What Is the Red Flashing Light at the Back of an F1 Car?

Published 12/22/2020, 11:33 PM EST
Formula One F1 – Turkish Grand Prix – Istanbul Park, Istanbul, Turkey – November 15, 2020 Ferrari’s Sebastian Vettel in action during the race REUTERS/Kenan Asyali

Engineers design F1 cockpits with hi-tech concepts and incredible details. The features of the cars are for various requirements, and thus, F1 cockpits differ from regular cars to a great extent. Though the mechanism for crafting the cockpit can still be kept on a single page, the goals of crafting the F1 chassis and hood are entirely different.


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Formula One F1 – Turkish Grand Prix – Istanbul Park, Istanbul, Turkey – Racing Point’s Lance Stroll and McLaren’s Carlos Sainz Jr. in action during the race REUTERS/Ozan Kose

Along with other features, there are lights attached at the rear end of the cars. The lights at the back of the car blink red for particular reasons.


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They are attached to the car at an angle and at a distance of 30 centimeters from the ground. The main motive of the lights is to abide by safety measures and avoid disastrous accidents in the circuit.

Why do the lights at the back of an F1 car blink?

There are three major reasons that require the red light to flash in the race.

When it rains amidst the race, further making the circuit slippery and wet, the rear light blinks in every cockpit. Moreover, every racer faces visibility difficulties, and the motor mechanism gets tested considerably.

Hence, when they can’t clearly see the cars ahead of them, the red rear light acts as a savior. The racers then keep the light on constantly, without blinking, for safety and precautionary reasons. Further, the management crew of the particular racing teams assists the racers over the radio. The racers abide by the instructions as given by their team management.

Subsequently, the F1 cockpits have additional lights attached in the rear wing too. They, too, help boost the visibility of the racers on the track.

Furthermore, the rear red lights have a warning function too.

Formula One F1- Saudi Arabian Grand Prix – Jeddah Corniche Circuit, Jeddah, Saudi Arabia – December 4, 2021 General view as the cars exit the pit lane during qualifying Pool via REUTERS/Giuseppe Cacace

In pleasant weather, when the red light flashes in any cockpit, it indicates that the car is moving at a relatively slower pace than usual. It is because of the harvesting of energy with ERS. When the cockpit brakes a little heavier and slows down flashing the red lights, the racer behind the cockpit takes the sign and moves past aside the one with blinking light.

The racers, usually after facing engine problems or certain cockpit issues, move to the side of the track or slow down in order to avoid car wrecks. When the following cockpits notice such a scene take place, they keep their distance and drive past the car.

There are instances when the racers slow down on the track without flashing the red light, which it can lead to various car wrecks. Further, the car goes through an FIA investigation. If found guilty of slowing down without reason, the driver faces a five-second penalty.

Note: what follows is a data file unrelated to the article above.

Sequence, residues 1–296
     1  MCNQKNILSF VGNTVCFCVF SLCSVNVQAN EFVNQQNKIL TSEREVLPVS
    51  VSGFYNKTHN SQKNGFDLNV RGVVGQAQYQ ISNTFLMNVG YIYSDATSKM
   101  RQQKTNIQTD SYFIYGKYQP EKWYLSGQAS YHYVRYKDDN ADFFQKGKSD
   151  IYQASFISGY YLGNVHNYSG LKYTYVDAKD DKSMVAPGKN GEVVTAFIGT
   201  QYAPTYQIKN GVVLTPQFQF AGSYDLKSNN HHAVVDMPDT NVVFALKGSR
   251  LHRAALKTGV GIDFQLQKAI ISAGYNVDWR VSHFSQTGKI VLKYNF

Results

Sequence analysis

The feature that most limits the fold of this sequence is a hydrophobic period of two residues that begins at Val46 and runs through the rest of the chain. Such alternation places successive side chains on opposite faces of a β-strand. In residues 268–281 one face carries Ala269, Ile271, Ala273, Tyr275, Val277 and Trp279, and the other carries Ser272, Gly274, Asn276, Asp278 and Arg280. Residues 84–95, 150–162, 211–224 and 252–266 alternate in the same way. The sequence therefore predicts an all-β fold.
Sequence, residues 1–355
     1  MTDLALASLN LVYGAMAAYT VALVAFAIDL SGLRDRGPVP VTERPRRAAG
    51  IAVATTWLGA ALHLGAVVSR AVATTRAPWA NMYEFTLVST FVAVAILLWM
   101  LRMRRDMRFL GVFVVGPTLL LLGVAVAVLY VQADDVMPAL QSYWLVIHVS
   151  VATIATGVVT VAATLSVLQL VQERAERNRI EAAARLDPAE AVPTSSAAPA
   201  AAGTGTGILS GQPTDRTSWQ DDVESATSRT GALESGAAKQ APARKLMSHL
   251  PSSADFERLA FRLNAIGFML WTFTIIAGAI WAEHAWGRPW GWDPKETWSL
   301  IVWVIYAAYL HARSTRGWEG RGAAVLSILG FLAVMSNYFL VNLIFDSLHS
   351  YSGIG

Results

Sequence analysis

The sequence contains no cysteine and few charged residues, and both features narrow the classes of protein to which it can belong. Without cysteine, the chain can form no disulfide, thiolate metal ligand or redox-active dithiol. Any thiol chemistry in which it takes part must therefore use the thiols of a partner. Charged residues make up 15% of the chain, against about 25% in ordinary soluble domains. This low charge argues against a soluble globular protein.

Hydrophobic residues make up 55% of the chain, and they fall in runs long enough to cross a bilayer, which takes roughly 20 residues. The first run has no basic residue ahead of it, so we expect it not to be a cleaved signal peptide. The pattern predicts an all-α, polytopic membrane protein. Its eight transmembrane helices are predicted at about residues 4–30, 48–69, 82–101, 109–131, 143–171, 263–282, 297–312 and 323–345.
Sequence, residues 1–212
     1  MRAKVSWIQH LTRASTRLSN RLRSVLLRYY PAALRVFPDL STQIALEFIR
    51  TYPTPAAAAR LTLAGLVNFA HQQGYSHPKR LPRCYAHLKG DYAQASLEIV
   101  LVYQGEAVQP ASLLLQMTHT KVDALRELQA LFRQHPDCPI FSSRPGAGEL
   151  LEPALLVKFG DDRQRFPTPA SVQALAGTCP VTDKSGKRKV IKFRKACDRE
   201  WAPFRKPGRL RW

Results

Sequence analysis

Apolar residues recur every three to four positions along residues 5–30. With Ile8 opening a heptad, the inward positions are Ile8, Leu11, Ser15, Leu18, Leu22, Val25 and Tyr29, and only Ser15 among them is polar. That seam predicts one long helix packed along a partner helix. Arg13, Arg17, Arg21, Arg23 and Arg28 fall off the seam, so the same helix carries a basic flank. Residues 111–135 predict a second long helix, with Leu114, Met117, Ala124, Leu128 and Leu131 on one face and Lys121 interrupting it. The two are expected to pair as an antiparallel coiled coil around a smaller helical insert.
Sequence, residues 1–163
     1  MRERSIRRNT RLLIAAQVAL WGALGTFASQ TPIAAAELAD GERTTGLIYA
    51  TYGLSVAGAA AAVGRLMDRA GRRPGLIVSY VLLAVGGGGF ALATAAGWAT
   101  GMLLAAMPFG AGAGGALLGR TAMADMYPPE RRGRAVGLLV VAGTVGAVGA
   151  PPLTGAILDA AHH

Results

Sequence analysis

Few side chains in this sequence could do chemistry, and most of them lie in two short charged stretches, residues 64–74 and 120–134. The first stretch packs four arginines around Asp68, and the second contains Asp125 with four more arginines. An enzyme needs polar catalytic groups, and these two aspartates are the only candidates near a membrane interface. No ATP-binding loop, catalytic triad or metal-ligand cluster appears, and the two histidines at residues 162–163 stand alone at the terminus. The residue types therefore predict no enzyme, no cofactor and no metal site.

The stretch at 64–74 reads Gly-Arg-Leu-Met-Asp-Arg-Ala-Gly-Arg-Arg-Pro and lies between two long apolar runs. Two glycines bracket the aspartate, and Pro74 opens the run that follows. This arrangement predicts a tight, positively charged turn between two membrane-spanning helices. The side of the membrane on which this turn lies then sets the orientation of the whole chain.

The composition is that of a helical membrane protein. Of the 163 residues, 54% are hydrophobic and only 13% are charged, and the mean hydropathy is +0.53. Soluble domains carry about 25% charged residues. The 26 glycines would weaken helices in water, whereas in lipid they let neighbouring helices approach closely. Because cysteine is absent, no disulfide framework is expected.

Why was it introduced?

Well, the red lights at the back of F1 cars are basically a part of the safety features of the FIA’s regulation. The sport was turning too risky for the drivers, be it in the wet or in the dry.

And amidst the sport’s desperate move to safeguard their drivers following one too many near misses and casualties over the preceding years, the introduction of red lights seemed quite mandatory.

What is the MGU-H system?

MGU-H basically stands for Motor Generator Unit – Heat. And as the name suggests, MGU-H captures the thermal energy generated from the exhausts of the F1 cars. Consequently, the energy that’s retrieved by the MGU-H is fed directly to the MGU-K.

Formula One F1 – Mexico City Grand Prix – Autodromo Hermanos Rodriguez, Mexico City, Mexico – November 7, 2021 Red Bull’s Max Verstappen leads the Mexico City Gran Prix in the first lap REUTERS/Andres Stapff

ERS (Energy Recovery System), meanwhile, controls the flow of energy. This is where the red lights come into play! When the red light begins to flash on the back of a car, the driver behind would know that the car ahead is harvesting energy, meaning, the car would be much slower and more vulnerable.

For instance, the 2016 Spanish GP had a similar incident. During the race start, Rosberg found himself leading the race from Hamilton. And just after reaching turn 2, Rosberg’s car began harvesting energy. Hamilton noticed the bright red light flashing at the back of his rival’s Mercedes and attempted to claim the race lead.

Unfortunately, the pair collided and took each other out of the race.


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When does it flash green?

The final type of rear light flashes green. When the racers are new to the F1 racing grid, the green rear light flashes. It indicates that the racer owns no Certificate of Super License, issued by the FIA. Thus, the green light works its wonder by informing other racers about the rookie on the ground.

Crafted with innovative technologies, the F1 car rear lights can resist extremes of conditions. They are water-resistant and exceptionally strong, which prevents them from breaking easily.  The red rear lights of the F1 cockpits have successfully avoided numerous dreadful accidents.


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Thus, they are one of the most important features of the F1 cockpit.


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Debarati Saha

42 articles

Debarati Saha is an F1 and NASCAR Writer at EssentiallySports. Currently pursuing English Honours from Calcutta University, she is an avid fan of Lewis Hamilton and Michael Schumacher.